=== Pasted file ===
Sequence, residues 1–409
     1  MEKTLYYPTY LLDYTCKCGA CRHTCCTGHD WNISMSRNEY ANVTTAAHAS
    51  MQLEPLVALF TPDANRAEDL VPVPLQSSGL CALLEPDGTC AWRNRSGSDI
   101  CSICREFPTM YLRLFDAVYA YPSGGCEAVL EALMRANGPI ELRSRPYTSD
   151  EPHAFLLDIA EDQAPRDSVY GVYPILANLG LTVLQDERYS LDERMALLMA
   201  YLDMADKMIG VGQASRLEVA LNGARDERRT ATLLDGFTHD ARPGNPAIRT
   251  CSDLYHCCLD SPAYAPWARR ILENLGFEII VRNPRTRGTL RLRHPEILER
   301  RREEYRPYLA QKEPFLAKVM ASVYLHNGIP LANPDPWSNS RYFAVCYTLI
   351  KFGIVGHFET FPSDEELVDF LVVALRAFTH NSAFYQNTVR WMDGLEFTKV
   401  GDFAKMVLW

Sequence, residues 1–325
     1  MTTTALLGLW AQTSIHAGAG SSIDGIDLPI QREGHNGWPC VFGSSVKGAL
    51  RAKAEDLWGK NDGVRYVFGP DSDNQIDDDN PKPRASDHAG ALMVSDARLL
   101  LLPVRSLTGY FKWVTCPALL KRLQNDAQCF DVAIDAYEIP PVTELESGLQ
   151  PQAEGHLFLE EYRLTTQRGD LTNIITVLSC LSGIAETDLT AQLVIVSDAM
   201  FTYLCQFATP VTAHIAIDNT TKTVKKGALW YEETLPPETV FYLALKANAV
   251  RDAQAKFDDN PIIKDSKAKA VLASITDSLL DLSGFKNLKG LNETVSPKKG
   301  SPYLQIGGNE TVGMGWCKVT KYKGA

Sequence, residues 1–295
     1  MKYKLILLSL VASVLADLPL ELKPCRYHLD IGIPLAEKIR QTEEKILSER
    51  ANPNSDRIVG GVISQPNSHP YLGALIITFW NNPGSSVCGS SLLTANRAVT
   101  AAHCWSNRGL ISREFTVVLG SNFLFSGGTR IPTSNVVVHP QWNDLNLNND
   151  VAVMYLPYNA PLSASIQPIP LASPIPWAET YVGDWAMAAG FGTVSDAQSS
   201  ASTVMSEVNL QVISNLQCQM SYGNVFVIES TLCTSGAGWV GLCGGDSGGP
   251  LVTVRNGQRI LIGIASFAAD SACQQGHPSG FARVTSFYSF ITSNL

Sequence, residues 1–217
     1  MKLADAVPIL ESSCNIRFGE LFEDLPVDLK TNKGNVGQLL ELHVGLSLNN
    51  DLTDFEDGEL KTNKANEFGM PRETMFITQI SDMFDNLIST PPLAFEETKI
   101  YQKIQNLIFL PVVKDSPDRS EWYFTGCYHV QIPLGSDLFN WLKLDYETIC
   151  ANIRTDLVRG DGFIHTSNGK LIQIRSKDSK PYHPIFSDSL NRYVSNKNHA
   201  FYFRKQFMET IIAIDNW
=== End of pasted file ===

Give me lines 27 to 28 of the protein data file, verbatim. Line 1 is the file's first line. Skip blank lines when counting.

     1  MKLADAVPIL ESSCNIRFGE LFEDLPVDLK TNKGNVGQLL ELHVGLSLNN
    51  DLTDFEDGEL KTNKANEFGM PRETMFITQI SDMFDNLIST PPLAFEETKI